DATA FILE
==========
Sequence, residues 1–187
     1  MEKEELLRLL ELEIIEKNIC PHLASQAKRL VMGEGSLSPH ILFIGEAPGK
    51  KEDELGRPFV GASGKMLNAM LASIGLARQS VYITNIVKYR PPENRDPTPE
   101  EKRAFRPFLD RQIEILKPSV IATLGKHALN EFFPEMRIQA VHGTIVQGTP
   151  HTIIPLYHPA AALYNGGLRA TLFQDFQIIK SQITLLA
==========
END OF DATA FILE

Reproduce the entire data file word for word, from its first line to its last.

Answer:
Sequence, residues 1–187
     1  MEKEELLRLL ELEIIEKNIC PHLASQAKRL VMGEGSLSPH ILFIGEAPGK
    51  KEDELGRPFV GASGKMLNAM LASIGLARQS VYITNIVKYR PPENRDPTPE
   101  EKRAFRPFLD RQIEILKPSV IATLGKHALN EFFPEMRIQA VHGTIVQGTP
   151  HTIIPLYHPA AALYNGGLRA TLFQDFQIIK SQITLLA